Russian Alexander Dugin: An enemy of globalism

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The murder last month of Russian journalist Darya Dugina has brought international attention to her influential father, the Russian philosopher Alexander Dugin. As the car bomb that killed her apparently was meant for her father, many read up on who Alexander Dugin is. Why is he considered so dangerous in the West and hailed as such a hero in the East?

As it turns out, Dugin is Russia’s strongest critic of the ideology of globalism, or what he calls liberal totalitarianism. He says that the post-Cold War idea that Western liberalism represents “the end of history” is a very premature assumption.

It was in 1989 that American political theorist Francis Fukuyama was enthusiastically inspired by the end of the Cold War. USSR President Mikhail Gorbachev had recently stated that the Soviet Union would no longer intervene in the affairs of its Eastern European states and that it would humbly let go of its control of Eastern Europe. Fukuyama gave a super confident speech on this topic at the University of Chicago, later published as the article, “The End of History.”

His point was that the fall of the Communist Soviet Union represented “not just … the passing of a particular period of post-war history, but the end of history as such: That is, the end-point of mankind’s ideological evolution and the universalization of Western liberal democracy as the final form of human government.” Since communism was imploding and European fascism had been killed in the Second World War, Western liberalism would now stand as the eternal winner. Ready for “the West to rule the Rest” – to cite Samuel Huntington’s famous analysis on the clash of civilizations – Fukuyama’s optimistic words became instantly famous across the Western hemisphere.

At the time, the American neoconservatives quickly dreamed big of world dominance and governance, as exemplified by the Pentagon’s plan: “Prevent the Re-Emergence of a New Rival” from 1992. It outlined the U.S.’ post-Cold War foreign policy strategy, stating that the goal was to ensure that no rival superpower is allowed to emerge in Western Europe, Asia or the territories of the former Soviet Union.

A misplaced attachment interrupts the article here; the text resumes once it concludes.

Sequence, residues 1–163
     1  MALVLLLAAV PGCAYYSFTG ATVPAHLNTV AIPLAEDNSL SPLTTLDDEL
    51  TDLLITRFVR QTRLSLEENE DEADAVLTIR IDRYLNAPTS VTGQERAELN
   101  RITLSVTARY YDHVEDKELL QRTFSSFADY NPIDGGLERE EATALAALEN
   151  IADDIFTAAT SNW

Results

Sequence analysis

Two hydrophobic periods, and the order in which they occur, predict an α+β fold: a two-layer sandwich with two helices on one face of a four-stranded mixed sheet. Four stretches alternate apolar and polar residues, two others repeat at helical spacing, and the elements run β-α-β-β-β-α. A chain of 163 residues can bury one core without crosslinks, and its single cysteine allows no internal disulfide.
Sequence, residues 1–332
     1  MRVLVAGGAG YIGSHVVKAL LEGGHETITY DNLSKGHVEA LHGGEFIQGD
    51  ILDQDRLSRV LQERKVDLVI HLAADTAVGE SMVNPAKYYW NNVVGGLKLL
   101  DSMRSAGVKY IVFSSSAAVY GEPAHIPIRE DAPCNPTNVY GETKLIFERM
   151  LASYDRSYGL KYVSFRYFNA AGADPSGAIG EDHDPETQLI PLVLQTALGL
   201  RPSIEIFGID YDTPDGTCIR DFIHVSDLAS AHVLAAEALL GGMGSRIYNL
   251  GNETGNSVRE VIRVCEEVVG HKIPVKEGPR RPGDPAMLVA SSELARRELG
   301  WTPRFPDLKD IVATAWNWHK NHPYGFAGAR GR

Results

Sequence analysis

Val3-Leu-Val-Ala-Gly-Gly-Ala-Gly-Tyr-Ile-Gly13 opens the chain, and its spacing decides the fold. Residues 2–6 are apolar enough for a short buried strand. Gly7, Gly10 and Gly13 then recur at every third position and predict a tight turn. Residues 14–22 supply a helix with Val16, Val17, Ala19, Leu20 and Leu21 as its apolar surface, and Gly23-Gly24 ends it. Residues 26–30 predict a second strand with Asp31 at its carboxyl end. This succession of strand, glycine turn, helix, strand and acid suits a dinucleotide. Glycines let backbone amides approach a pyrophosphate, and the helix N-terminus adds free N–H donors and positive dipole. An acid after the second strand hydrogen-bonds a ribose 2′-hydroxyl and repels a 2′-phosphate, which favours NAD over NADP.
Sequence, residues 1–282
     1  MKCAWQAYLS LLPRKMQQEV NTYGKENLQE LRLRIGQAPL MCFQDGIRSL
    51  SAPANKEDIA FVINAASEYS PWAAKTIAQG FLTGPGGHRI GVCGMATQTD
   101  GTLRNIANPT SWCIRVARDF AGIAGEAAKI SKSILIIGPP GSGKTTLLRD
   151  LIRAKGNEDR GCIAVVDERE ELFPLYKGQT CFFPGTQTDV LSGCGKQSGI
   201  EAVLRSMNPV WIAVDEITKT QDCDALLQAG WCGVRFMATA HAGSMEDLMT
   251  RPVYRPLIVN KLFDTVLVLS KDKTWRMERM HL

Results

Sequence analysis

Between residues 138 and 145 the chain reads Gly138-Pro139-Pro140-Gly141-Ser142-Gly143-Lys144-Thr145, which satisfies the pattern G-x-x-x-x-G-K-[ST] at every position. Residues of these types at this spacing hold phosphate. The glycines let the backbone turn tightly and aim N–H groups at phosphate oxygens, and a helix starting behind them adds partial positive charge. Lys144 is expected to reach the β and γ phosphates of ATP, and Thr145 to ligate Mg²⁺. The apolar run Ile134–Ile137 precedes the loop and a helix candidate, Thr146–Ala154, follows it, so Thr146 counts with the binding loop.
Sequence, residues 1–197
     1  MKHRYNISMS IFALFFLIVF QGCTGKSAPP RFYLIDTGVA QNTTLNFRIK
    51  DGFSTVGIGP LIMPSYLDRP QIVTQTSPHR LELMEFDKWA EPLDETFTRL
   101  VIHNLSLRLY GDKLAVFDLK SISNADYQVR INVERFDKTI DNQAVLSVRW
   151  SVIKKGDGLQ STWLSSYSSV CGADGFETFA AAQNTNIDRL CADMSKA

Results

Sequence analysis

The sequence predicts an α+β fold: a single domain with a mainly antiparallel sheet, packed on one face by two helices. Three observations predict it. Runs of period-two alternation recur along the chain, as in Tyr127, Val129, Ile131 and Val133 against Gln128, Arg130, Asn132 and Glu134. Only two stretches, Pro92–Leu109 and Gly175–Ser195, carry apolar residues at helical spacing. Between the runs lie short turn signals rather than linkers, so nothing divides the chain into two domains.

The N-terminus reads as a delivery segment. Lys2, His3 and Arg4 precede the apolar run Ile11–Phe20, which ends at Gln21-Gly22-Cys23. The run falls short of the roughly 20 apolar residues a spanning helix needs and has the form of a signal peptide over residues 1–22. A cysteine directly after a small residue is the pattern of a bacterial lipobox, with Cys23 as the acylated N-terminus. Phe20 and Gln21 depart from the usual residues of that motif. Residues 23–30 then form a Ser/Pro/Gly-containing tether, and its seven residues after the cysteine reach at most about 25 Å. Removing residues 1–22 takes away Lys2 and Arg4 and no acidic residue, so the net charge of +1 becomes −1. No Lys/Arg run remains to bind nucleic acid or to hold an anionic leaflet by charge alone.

The aim was a unipolar world dominated by one superpower – the United States – whose position would be one of sufficient military might to deter any nation or group of nations from challenging American primacy – including keeping Europe, in particular Germany, weak.

From the mid-1980s, the push for a globalist structure that would give Western companies new markets, beyond national borders and without paying taxes, took form. This enabled the Davos World Economic Forum goal of merging government and private capital, controlled by financialized private markets and its billionaire owner class. With weak nation states and feeble bureaucratic leaders, access to government funds became much easier.

The 1990s went on to represent a massive, collective American feeling of cultural and economic omnipotence. It was at this time of proud, self-assured American leaders that U.S. four-star general and war hero Wesley Clark famously spoke about his shock when discovering that taking down nations was the neoconservative plan at the Pentagon both prior to and post 9/11. Gen. Clark described this as a political policy coup, a change in American foreign policy that never even was discussed in Congress. In his book, “A time to Lead: For Duty, Honor and Country,” he explains the horror of how traditional American views on foreign policy was overrun.

Clark says it dawned on him that up to this point, the goal of the military had been to defend American territory and hinder conflicts in the aim of preserving peace. The plan now became to restructure the use of military force toward an attack force – no longer a defense force – where ever American political and economic interests were at stake.

Then, says Alexander Dugin: “Russia under Putin became an obvious obstacle to the end of history, and after the start of the New World Order, it completely challenged this project. Hence Fukuyama’s fury: Before his eyes, the project for the end of history was not only postponed, but completely collapsed.”

The restoration of the sovereignty of the nation state of Russia, the national control over its coveted natural resources and richness in commodities, the revival of its cultural Orthodox history and traditional value system, strengthening the self-awareness of Russians in general, its denial of the Western atheist liberalism – all this represents currents that push for a multi-polar world. A new phase of history has begun, Dugin writes. The future will show if he is right.

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